Venue – The Fillmore, aside from the great history, it’s just a good place to see a show and has been a dream of mine/ours to play at there since we were young. In doing so recently, it only fortified my feelings for the place.

Restaurant – There is a lot of good food in SF but a birthday tradition of mine is Little Star Pizza on Divisadero. That place is hard to beat.

Neighborhood – The Mission is one of the more vibrant neighborhoods of the city and tends to be the general go-to.

What made you make the jump from an instrumental ensemble to a vocally-driven band?
Transitioning from an instrumental outfit into being a predominately vocal lead band was something I think we all wanted from the beginning. It just took time to first build a feel as a group of musicians then take the time to find the right singer. We were lucky to find as good a fit as Kelly, who really was the missing link we needed to grow into our own as a band.

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Playlist :: Rufus Wainwright and Quartet San Francisco

Playlist of the Week #6

When life gets too hectic, when the world has got you down, good music can always be found.

This Playlist of the Week is inspired by the grooves and tunes of both a man who has been voted the best voice of our generation, acclaimed singer/songwriter, Rufus Wainwright, and our very own Quartet San Francisco. Listen below and get excited for this weekend, because this Sunday’s concert is, as always, admission-free. Click here to learn more about the artists, as well as the rest of the season’s lineup.


Rufus Wainwright and Quartet San Francisco

Backstage :: Yuna


Yuna performs at Stern Grove Festival on Sunday, June 29, at 2 p.m.

In a remarkably short period of time, Yuna has risen from regional D.I.Y. notoriety to full-on international stardom.  In the process, the charismatic young singer-songwriter from Malaysia—who makes her Verve Records debut with Nocturnal—has become the first artist from her homeland to conquer the American market.

The ease with which Yuna has transitioned to border-defying mainstream success shouldn’t be surprising, considering the effortlessly universal appeal of her organic blend of contemporary pop, acoustic folk and soulful R&B.  The artist’s personally charged songs are deeply felt yet melodically irresistible, combining her engaging voice and expressive songcraft with imaginative production to create distinctive music that’s won her comparisons with the likes of Feist, Adele and Norah Jones.

Read on for our interview with Yuna, and keep your eye open this week for other Yuna-related blog items, such as our Playlist of the Week and videos of her past performances.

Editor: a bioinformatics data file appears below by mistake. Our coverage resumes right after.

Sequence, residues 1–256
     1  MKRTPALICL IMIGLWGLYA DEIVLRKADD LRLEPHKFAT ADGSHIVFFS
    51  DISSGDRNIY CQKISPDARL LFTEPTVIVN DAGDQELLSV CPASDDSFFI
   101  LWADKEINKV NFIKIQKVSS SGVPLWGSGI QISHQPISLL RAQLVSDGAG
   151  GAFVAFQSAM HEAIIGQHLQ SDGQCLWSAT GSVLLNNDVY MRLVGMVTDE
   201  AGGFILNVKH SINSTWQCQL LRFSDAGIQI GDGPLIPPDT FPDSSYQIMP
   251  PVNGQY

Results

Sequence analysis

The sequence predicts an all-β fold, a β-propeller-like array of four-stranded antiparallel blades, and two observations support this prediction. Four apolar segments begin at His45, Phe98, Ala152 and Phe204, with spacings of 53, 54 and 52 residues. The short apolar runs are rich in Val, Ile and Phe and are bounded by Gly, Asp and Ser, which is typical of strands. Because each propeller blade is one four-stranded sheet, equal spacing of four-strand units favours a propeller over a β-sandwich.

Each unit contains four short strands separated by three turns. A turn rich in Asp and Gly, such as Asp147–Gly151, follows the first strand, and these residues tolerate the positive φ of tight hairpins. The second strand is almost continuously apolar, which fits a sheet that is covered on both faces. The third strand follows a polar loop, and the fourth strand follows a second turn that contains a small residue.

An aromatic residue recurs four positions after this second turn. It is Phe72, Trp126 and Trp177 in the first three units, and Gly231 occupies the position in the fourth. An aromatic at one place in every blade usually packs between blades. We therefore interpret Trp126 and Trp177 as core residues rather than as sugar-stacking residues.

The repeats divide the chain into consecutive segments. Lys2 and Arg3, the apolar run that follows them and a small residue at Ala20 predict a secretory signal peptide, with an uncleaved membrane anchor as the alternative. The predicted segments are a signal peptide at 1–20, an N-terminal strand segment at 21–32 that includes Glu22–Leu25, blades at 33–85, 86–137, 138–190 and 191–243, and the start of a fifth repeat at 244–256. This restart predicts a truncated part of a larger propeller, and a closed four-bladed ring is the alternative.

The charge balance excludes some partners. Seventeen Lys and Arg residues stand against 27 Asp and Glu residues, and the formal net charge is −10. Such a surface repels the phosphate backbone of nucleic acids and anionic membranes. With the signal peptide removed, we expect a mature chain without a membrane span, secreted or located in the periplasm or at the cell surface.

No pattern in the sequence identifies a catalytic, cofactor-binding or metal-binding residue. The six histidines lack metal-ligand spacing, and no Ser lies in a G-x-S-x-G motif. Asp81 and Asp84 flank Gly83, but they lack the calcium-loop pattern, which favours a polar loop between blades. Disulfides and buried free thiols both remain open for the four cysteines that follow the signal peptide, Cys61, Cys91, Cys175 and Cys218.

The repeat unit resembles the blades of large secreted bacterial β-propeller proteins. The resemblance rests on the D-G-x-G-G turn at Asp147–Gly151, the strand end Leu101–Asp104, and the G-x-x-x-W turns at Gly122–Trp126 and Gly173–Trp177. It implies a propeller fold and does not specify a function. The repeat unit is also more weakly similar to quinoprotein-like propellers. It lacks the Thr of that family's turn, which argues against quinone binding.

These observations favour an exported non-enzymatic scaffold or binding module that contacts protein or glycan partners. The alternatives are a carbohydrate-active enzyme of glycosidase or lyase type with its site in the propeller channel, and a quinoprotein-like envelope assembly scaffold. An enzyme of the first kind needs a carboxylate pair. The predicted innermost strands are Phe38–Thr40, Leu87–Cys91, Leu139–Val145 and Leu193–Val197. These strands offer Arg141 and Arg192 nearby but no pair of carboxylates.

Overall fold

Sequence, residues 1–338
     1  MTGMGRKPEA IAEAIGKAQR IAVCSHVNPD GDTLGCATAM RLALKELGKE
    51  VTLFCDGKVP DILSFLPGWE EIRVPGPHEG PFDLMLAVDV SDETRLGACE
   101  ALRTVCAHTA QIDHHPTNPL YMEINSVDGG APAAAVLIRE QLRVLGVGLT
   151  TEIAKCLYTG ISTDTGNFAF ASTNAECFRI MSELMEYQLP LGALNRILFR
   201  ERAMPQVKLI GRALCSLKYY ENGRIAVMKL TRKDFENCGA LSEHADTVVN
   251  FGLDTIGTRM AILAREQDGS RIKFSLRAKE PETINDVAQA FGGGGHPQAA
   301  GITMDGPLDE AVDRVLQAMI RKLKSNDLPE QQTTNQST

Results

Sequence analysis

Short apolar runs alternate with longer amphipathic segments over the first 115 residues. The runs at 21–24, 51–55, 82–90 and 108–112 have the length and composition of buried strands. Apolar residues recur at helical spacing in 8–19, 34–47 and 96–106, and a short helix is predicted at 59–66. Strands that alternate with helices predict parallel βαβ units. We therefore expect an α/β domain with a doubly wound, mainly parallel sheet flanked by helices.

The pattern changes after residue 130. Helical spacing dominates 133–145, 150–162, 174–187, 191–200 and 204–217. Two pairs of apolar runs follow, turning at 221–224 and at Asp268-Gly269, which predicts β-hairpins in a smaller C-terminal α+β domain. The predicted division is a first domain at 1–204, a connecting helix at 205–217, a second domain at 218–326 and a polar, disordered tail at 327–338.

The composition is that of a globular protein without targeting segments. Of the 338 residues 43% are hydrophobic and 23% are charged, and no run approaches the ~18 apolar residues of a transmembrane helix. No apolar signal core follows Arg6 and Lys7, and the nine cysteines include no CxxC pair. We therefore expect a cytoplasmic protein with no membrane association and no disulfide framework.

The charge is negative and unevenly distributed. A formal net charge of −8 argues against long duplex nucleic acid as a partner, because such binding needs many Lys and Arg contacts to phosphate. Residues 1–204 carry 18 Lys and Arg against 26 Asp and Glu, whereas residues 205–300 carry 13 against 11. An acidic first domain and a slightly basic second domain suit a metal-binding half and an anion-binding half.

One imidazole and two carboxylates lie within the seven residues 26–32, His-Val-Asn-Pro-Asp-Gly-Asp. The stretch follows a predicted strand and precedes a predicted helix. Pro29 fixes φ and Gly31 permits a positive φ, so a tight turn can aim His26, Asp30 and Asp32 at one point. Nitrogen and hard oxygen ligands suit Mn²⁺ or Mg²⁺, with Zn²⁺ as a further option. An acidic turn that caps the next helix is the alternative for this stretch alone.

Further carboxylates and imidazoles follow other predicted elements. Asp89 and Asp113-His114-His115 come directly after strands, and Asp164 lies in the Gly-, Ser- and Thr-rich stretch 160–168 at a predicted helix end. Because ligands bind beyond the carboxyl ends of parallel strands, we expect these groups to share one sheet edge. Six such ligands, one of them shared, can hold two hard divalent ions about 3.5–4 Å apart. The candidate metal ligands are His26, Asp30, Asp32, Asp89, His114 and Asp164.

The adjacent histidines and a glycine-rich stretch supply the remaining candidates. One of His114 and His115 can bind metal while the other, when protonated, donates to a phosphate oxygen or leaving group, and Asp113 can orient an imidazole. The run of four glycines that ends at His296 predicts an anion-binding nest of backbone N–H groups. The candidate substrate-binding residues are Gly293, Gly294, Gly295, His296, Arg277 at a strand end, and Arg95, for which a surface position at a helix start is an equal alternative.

SGF:  What has been your favorite performance to date?

It would probably be my show in Kuala Lumpur performing with the Malaysian National Symphony Orchestra. It was just amazing to hear my music being accompanied with an orchestra. It was surreal.

SGF:  How does it feel being the first Malaysian singer-songwriter to stake a claim in the American music industry?

I feel honored whenever people say that about me. I’m truly grateful to all the people who have helped me become a better person and a better artist all these years. I guess when people say I’ve made it because I’m making music out here, as an artist I see America as one of the many countries that I could go to and explore my creativity.

SGF:  Where and when was your first public performance? Did you know at that point that you wanted to be a singer?

It was at my hometown Subang Jaya, when a really good friend of mine had organized an event and added my name to his flyer. I was so nervous and couldn’t believe I was going to perform. I really just thought that it was going to be a one-time thing. So no, I had no idea if I was going to be a singer.

SGF:  As an observer of the Muslim faith, how do you feel about the immodesty of many of today’s performing artists, many your same age?

I think even if I was a different person, I would still think immodesty is not for me. I think a lot and I try to educate myself about the current situation involving girls and sex trafficking…so as an artist, as a woman, I would like to show a different kind of example to younger girls regardless of their background. You don’t need to portray yourself as a sex object to make music.